It isn’t news to anyone that clothes can be used to make a social or political statement, you just have to look to the runway – from Vivien Westwood’s “say yes to independence” slogan to Calvin Klein’s “this is not America” 2017 show, or even to Trump’s “Make America Great Again” hat. Whilst most of the interest in clothes as a political statement has focused on these overt expressions of political affiliations or views, one method of self-expression is more nuanced. Debates on gender have constantly been commented upon, and so many people have harnessed this discussion to make broader remarks on the position of women within society. Whilst it may seem trivial, to the women and designers who pioneered trends – the changing shapes of corsets, shoulder pads, as well as the advent of women’s trousers, were powerful agents in the arena of self-expression.
Corsets are often seen as a symbol of female oppression and sexualisation, and “Corsetlessness had, been long identified with radical feminist and utopian movements.” However, you only need to scroll through Instagram to see that corsets are having a comeback. Is that because women want to re-experience that oppression? No, of course not – quite the contrary, corsets are now seen as empowering and fashionable. So, what has caused the shift from corsets as a tool of female oppression to a symbol of female liberation? As historian Jill Fields argues in her article, “Fighting the corsetless evil.”, “Scholarship on nineteenth-century women’s history and dress explores the power of the corset to regulate women’s behaviour as well as to signify women’s subordinate status.” Despite anecdotes of corsets causing young women to “drop dead due to tight lacing”, many doctors championed the corset, with corsetier Gossard in a 1909 pamphlet, describing the benefits, even prescribing corsets to improve posture and “preserve the lines demanded by fashion but without discomfort or injury.” This medical championing of corsets would come to contradict the intuitive concept of comfort as Fields points out even after Poiret’s introduction of a dress that could be worn without a corset, women “did not toss away their corsets en masse,” and the lack of willingness to give up these corsets can be greatly attributed for the argument that these items were medical necessities, even to be worn in pregnancy.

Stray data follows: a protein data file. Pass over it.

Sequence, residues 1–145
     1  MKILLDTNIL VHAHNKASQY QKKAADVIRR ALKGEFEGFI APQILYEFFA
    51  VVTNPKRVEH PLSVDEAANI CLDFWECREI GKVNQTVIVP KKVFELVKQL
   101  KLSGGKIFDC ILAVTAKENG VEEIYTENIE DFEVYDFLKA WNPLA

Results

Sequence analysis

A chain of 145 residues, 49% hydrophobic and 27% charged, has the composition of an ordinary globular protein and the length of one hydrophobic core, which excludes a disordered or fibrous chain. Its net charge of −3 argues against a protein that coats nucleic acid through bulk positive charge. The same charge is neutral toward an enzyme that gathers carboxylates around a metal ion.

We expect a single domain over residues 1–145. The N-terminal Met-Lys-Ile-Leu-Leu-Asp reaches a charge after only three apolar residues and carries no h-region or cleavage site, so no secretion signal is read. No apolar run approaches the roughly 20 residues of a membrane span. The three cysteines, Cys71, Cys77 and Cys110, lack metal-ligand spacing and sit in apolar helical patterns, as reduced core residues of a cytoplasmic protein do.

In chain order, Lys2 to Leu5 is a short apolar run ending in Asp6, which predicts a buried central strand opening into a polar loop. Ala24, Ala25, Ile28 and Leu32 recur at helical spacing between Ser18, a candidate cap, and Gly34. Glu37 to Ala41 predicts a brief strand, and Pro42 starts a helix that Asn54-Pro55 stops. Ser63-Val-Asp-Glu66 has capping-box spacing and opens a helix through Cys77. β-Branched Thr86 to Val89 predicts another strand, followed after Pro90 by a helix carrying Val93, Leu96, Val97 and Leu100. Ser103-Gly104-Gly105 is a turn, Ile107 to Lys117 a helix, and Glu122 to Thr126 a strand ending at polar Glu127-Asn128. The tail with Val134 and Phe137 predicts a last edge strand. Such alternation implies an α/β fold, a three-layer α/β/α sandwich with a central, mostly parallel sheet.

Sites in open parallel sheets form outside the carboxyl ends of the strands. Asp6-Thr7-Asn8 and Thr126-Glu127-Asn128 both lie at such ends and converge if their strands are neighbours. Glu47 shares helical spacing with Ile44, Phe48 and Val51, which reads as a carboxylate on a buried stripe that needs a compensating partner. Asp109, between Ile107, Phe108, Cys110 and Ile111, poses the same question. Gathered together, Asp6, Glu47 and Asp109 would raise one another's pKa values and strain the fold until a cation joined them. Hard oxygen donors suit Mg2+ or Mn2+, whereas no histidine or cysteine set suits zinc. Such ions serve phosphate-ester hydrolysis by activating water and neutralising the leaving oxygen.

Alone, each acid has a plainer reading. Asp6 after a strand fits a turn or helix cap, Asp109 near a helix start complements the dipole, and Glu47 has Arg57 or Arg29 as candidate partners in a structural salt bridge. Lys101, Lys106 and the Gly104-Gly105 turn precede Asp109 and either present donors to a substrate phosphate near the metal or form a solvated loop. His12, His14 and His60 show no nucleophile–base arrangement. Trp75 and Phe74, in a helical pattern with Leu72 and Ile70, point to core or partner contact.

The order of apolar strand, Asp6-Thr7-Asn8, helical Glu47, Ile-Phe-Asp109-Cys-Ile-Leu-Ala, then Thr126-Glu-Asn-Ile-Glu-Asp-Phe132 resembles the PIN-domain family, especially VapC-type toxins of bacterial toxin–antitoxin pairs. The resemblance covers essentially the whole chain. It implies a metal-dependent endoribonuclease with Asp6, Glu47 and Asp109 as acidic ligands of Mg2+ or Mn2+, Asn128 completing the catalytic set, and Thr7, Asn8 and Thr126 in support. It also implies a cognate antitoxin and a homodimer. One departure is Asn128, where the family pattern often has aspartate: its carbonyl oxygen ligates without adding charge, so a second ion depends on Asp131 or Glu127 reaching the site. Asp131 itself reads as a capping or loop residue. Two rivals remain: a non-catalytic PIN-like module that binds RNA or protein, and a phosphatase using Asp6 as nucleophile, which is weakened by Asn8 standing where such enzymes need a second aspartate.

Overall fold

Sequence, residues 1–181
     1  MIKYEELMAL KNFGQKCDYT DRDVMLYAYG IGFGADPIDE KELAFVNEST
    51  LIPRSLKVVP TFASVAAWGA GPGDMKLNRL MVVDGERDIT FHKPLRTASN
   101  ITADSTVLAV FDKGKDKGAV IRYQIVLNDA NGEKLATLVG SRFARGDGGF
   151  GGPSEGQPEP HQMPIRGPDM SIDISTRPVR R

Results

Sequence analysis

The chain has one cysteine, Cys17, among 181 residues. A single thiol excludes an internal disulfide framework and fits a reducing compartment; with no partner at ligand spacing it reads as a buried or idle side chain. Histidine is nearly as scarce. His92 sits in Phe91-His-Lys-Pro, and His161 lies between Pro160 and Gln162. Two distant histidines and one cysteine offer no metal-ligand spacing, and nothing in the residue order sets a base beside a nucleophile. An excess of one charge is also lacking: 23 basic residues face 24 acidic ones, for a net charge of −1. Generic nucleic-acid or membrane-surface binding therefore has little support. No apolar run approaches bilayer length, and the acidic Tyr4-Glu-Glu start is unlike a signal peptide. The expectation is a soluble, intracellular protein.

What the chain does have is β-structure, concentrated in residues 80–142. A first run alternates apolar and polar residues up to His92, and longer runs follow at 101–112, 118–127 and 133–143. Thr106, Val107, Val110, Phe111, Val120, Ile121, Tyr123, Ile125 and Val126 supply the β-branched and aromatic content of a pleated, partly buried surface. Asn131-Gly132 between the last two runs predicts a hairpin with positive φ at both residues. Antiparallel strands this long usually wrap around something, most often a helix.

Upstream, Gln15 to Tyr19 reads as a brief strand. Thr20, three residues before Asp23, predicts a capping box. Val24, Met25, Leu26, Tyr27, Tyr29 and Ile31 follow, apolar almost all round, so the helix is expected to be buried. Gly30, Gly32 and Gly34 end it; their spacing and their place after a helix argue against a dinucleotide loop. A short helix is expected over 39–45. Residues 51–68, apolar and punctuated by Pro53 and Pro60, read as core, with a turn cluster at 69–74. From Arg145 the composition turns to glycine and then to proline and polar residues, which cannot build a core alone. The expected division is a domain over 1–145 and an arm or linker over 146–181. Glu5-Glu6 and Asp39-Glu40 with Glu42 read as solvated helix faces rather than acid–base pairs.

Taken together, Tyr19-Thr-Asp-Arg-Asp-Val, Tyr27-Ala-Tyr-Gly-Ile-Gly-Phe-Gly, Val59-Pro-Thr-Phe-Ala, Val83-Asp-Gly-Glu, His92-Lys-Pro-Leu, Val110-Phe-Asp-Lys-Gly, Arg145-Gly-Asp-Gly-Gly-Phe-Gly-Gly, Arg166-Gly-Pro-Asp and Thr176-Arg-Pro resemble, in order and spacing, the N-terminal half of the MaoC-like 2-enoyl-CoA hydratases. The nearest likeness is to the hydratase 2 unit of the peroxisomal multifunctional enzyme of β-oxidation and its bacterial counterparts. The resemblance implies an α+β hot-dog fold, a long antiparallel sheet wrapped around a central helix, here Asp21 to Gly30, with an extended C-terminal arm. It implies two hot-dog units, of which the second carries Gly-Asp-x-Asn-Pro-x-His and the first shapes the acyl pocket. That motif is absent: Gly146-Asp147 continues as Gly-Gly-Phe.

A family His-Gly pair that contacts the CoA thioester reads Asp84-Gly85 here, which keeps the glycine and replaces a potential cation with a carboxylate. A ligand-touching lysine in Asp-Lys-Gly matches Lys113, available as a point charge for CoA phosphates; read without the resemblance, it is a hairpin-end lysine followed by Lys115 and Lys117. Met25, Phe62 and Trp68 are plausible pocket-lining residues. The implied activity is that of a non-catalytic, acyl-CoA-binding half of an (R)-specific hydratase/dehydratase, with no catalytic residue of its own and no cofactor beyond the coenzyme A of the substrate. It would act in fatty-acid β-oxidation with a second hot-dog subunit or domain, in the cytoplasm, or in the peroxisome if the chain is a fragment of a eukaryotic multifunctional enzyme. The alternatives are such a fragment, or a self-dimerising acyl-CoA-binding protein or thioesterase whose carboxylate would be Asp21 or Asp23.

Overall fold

Historian Johanna Goldberg notes that, “the corsets final death knell was World War I,” however this viewpoint is simplistic. Fields argues that “1920s corsetry [was imbued] with essentialist notions about flawed female bodies, racial hierarchies, nationalist imperatives, dubious sexual identities, and suspect political standpoints inscribed dominant ideologies upon women’s bodies”. Debates about women and corsetry were still alive and well post-war. These concerns about the morality of not wearing corsets gave more popularity to corsets themselves, figures from the underwear industry found that between 1920 to 1921 sales of underwear dropped by an astounding 50 per cent with the only logical assumption to this discrepancy being that women were buying corsets instead. This sharp rise in the purchase of corsets came at the same time as Gossard’s classification of women’s bodies emerged in the early twentieth century, devising nine figure types. Warner’s classifications followed in 1921, this time devising eight classifications. It could be argued that whilst at first these ‘scientific classifications’ of women’s body shapes could seem reductive, they would lead to greater liberty and the understanding that different body types could exist, rather than the one à la mode figure that corsets wished to create.